Rabobank says a current slowdown in global milk production can be largely attributed to an increase in overall production costs, with steep year-on-year rises in fuel, feed, fertiliser and labour, alongside new Covid restrictions.
Milk production across the Big-7 exporting regions (The US, the EU, New Zealand, Australia, Brazil, Argentina, and Uruguay) contracted year-on-year in Q1 2022 for the third consecutive quarter despite higher farmgate prices. The milk output for the first half of 2022 is expected to decline 0.7% year-on-year.
“The ongoing war between Russia and Ukraine has caused grains and oilseeds – among several other agricultural commodities and products – to reach unprecedented price levels,” according to Rabobank. “Although fertiliser is flowing from Russian ports, prices remain elevated, resulting in higher feed costs. Producers purchasing feed off-farm will be more susceptible to inflated agricultural commodity prices than producers that grow their own feed.”
Although fertiliser is flowing from Russian ports, prices remain elevated, resulting in higher feed costs.
Also, the current logistical and financial challenges surrounding shipping make imported feeds very expensive, reducing producers’ margins. “On the plus side, strong farmgate prices are partially offsetting rising input costs, with May’s weighted average EU raw milk price up by 3% month-on-month to EUR 47.36 per 100 kg,” Rabobank explains. “In the US, milk production increases are stunted by a smaller dairy herd year-on-year, which is expected to be on par in Q3 2022.”
China’s ongoing zero-tolerance Covid lockdown policy has contributed to lower dairy imports. After a nearly 60,000 metric tons year-on-year increase in WMP imports during the first 2 months of the year, China’s WMP imports from March to May, declined year-on-year by a similar volume, putting year-to-date WMP imports nearly on par with last year’s record pace. Looking forward, Rabobank expects China’s WMP imports to decline year-on-year due to rising domestic production and a slowdown in domestic demand.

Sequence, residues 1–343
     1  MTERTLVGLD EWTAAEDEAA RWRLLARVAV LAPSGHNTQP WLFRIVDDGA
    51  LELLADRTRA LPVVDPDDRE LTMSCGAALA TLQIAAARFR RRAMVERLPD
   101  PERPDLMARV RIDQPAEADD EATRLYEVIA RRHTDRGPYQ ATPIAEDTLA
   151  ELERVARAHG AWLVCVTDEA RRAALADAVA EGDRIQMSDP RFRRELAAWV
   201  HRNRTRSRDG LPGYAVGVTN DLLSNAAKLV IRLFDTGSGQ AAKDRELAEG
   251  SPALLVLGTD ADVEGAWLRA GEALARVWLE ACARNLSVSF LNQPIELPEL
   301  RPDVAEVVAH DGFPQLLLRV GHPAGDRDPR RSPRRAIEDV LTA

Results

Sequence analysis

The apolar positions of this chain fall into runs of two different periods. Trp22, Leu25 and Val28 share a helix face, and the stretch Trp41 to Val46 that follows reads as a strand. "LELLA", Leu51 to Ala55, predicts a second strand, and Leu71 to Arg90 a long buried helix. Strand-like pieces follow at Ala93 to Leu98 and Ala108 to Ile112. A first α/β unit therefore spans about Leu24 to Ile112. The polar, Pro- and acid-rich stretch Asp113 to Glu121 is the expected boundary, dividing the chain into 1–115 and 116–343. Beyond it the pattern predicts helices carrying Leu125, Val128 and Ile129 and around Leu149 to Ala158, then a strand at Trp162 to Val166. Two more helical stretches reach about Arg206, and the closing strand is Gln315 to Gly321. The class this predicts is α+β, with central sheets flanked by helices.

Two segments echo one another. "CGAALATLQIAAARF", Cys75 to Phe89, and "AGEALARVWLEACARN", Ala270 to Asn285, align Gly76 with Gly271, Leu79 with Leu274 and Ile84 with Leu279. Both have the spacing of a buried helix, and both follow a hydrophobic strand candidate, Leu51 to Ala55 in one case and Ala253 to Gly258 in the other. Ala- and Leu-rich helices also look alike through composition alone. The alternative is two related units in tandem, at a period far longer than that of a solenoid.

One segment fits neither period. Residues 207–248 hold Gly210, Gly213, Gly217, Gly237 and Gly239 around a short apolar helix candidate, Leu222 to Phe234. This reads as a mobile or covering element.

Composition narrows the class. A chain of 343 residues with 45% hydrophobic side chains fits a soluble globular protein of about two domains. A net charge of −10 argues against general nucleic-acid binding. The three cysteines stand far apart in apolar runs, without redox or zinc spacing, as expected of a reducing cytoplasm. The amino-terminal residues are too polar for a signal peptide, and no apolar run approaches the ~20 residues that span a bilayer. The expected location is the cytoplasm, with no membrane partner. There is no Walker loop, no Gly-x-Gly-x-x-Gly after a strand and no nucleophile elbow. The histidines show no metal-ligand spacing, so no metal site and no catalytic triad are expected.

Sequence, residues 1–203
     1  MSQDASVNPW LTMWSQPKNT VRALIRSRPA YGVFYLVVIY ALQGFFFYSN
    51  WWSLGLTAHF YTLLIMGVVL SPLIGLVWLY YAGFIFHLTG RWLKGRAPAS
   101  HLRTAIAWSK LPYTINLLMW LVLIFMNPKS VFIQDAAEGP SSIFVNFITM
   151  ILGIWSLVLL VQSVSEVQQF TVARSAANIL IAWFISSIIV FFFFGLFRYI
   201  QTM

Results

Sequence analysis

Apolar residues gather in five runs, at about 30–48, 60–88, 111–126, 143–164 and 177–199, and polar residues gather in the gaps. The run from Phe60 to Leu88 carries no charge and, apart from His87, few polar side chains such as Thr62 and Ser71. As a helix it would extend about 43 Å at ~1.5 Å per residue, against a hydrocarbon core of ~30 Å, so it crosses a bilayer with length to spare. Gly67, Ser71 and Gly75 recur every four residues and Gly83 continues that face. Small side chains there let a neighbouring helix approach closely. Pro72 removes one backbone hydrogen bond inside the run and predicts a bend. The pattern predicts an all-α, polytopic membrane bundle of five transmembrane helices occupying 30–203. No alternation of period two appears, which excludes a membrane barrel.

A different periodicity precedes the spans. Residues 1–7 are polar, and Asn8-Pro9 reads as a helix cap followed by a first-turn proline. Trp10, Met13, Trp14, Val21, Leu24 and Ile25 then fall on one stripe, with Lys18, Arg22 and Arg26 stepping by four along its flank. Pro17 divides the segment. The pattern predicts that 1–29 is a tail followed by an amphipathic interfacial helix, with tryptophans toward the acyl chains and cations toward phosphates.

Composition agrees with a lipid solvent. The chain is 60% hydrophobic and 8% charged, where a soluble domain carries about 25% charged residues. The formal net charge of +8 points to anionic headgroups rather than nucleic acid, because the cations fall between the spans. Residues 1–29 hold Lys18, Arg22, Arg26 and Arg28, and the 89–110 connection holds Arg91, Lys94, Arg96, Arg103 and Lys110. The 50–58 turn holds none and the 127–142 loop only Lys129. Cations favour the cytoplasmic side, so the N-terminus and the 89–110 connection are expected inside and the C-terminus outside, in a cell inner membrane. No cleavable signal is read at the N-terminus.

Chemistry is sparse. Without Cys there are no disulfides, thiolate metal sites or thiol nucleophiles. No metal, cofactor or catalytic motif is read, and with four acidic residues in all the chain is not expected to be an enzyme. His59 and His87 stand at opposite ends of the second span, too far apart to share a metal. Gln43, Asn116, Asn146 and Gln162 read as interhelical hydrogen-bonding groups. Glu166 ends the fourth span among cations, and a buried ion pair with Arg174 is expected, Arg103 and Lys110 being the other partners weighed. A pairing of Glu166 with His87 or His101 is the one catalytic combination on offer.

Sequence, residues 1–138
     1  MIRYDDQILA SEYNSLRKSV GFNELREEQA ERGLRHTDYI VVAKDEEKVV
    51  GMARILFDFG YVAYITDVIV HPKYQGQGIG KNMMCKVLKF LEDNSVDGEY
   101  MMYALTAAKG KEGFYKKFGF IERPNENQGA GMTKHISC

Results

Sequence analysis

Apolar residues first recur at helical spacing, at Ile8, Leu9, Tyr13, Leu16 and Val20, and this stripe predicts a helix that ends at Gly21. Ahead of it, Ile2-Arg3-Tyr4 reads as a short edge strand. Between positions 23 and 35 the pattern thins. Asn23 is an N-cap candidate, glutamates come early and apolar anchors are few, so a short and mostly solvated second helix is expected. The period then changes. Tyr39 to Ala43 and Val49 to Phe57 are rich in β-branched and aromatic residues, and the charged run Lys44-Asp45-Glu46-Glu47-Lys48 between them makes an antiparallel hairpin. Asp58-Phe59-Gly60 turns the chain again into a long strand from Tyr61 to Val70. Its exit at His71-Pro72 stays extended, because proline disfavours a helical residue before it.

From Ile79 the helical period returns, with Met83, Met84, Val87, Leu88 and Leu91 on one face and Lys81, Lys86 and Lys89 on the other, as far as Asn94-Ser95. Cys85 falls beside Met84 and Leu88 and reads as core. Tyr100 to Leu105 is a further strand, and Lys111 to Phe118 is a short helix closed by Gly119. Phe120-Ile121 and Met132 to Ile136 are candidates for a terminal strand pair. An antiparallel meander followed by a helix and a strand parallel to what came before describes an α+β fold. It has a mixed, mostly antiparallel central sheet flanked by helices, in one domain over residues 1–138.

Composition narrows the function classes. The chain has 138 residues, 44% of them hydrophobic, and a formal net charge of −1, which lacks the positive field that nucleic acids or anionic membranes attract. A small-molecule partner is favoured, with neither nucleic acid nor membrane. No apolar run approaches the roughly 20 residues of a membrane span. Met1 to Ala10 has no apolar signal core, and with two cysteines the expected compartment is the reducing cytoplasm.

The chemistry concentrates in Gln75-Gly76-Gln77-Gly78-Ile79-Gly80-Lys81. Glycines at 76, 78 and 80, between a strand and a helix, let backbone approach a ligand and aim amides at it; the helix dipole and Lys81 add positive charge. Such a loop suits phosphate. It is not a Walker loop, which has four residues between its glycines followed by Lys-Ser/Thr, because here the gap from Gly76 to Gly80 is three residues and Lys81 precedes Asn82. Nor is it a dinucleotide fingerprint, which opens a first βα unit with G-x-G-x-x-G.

According to Chinese media, the output of China’s major dairy companies rose 2.9% year on year in May. Chinese companies produced about 2.76 million tonnes of dairy products last month, data showed. In the January-May period, the dairy output in China climbed 0.9% year-on-year to nearly 12.43 million tons.
Household dairy consumption jumped in China during the past 2 years, with per capita consumption rising 11.8% year-on-year to 42.3 kg in 2021. The country’s output of dairy products is expected to reach nearly 54 million tons in 2031.
Global dairy prices have dropped in the latest Global Dairy Trade auction, held 21 June. The average price at the fortnightly sale dipped 1.3% to US $4,600 per metric ton. In the previous auction on 7 June, prices rose 1.5%. That was the first lift in 3 months.
Whole milk powder (WMP) fell 0.6%, on the back of a 0.3% decline in the previous event, to an average US $4,125 per MT.
Skim milk powder (SMP) was up 1% to an average US $4,276 per MT. SMP rose 3% in the previous auction.
Butter also rose, with a 2.4% increase to an average US $6,213 per MT. It rose 5.6% in the previous auction.
In Australia, dairy processors are raising their milk prices. Most processors are now offering more than AUS $9.00 (US $6.24) per kg milk solids. Bulla Dairy Foods is now one of the top paying processors. It has announced that suppliers in the top price band will receive an average weighted price of AUS $9.80 (US $6.80) per kg milk solids.
The Australian Dairy Farmers Corporation earlier announced an average seasonal price of AUS $9.55 (US $6.62) per kg milk solids for the 2022-2023 season. Fonterra had earlier joined Bega and Saputo in raising the average farmgate price above AUS $9.00 (US $6.24) per kg.